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T.O. Music Pix Newsletter #91: Sep. 23/09
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In this issue:
1. The Healing Power of Music: a subway reminder
2. Americana music: Awards & events
3. Milestones: Jimi Hendrix, Marie Knight, Youssou n'Dour, Billy Joe Shaver
4. Event notes: Slim releases; Tuku returns and Small World is everywhere


1. The Healing Power of Music
Photo: Adam Solomon, Bloor/Yonge subway, 2005

I thought I'd open this newsletter with a short note reminding us of the power and spirit of music. Adam Solomon of Tikisa and the African Guitar Summit sent along the following email he received this week. Adam also regularly plays in the subway -- Bloor/Yonge being one of his regular spots.

Hello you don't know me but my name is E___. You gave me your card this morning after I told you that I thought your music was beautiful.

I just wanted to say that I was having a terrible day before hearing your music. I've been pretty depressed over the last little while and today was no exception. I was on my way to an interview this morning and was feeling very sad. I had to fight back the tears during the entire subway ride so my mascara wouldn't run and make me look unpresentable.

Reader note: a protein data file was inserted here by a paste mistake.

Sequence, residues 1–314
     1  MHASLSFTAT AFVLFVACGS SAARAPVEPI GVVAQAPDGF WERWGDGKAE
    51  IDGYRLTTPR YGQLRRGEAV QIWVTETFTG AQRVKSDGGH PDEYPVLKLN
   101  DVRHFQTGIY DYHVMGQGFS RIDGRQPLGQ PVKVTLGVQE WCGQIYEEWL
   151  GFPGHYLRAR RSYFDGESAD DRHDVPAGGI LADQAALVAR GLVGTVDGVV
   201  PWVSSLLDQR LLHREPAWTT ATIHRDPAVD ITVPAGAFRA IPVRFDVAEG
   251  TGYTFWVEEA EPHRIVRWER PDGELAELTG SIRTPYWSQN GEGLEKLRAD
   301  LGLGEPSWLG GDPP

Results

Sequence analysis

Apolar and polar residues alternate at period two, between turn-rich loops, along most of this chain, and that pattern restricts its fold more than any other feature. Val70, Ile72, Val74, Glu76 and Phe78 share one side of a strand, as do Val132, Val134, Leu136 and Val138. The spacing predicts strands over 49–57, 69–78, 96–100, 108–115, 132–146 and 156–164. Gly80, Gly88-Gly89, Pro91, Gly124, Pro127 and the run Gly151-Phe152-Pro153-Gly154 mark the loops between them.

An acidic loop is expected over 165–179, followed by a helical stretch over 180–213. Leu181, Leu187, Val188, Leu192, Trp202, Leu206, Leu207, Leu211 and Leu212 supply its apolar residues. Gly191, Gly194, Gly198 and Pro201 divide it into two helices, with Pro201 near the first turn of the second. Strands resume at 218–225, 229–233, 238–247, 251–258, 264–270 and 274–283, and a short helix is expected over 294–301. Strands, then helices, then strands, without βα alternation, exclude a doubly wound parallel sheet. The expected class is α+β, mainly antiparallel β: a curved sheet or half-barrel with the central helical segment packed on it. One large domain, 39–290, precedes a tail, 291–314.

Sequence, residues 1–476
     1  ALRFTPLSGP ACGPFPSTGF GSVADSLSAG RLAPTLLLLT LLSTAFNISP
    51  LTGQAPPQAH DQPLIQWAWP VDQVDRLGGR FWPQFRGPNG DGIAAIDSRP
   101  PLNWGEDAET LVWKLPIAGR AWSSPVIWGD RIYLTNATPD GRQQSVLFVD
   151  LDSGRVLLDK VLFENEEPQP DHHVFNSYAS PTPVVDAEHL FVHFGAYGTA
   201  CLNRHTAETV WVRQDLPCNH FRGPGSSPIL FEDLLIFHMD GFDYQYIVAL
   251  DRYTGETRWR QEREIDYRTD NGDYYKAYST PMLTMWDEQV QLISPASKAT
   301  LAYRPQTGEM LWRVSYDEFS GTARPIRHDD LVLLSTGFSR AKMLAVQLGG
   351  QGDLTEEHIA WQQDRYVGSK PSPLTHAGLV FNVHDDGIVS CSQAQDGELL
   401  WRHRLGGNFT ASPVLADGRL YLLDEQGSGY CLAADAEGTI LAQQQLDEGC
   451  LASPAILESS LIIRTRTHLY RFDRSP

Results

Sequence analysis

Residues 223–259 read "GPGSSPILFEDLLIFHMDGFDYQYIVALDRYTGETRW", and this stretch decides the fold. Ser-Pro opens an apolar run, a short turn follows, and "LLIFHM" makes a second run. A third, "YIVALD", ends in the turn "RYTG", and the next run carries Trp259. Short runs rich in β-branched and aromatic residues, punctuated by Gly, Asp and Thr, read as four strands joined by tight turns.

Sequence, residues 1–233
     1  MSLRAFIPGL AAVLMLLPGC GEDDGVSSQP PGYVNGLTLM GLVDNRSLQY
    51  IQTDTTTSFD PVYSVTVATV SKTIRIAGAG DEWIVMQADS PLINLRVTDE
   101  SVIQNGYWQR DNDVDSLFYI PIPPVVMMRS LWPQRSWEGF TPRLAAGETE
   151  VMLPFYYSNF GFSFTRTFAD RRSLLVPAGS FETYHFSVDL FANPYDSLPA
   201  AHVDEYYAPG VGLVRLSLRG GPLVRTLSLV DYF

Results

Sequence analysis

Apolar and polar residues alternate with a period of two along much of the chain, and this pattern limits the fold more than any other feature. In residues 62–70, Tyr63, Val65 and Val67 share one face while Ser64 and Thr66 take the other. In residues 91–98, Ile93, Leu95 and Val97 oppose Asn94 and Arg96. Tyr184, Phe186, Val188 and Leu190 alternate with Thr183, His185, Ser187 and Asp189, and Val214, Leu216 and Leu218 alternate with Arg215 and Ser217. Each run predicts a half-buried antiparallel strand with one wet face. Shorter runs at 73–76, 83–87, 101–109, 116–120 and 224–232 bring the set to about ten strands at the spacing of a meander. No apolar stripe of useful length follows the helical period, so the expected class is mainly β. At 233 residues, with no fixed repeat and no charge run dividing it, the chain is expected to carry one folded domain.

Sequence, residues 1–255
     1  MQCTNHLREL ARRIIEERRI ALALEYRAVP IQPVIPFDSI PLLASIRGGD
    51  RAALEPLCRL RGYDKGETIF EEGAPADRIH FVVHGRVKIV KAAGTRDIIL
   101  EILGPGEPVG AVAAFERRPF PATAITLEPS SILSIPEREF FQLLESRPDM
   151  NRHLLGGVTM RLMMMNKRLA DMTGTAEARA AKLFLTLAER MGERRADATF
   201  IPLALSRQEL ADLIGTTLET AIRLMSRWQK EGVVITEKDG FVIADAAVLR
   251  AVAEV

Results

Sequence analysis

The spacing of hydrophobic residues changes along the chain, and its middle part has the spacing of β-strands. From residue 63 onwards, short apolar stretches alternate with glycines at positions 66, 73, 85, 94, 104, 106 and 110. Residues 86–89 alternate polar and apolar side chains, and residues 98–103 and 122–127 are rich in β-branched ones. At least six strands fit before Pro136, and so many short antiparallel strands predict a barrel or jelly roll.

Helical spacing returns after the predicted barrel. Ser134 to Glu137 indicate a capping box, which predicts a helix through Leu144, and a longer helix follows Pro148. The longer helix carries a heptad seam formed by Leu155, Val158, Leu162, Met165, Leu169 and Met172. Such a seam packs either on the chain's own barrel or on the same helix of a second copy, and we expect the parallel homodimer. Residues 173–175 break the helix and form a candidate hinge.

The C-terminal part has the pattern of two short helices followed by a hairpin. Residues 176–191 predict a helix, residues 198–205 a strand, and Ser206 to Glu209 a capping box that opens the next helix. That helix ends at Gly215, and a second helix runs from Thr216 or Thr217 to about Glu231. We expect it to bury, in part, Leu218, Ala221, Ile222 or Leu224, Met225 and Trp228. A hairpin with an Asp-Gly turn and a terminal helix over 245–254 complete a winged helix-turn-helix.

When I got off the subway at Yonge and Bloor I heard this incredible music and when I came upstairs, I heard you playing. Your music was achingly beautiful. It filled my heart and soul with beauty. I have not felt that sort of beauty in a long time. Thank you very much for being there this morning.

I'm not a religious person but I do believe in signs and in fate. After hearing your music, even though it was only for a few minutes, I felt renewed. That feeling has lasted with me all day. So I thank you for being there this morning and playing. It made me remember that life and this world is filled with endless beauty.

I hope to see your next show in October.

To hear some of that music, keep your ears and eyes open in the subway, and/or see Adam with his group, Tikisa on Oct. 25 at the Lula in a benefit performance for Baraka Orphan kids in Mombasa, Kenya. (Or you can also hear Adam's recent recording, "Mola Ajuae" here.)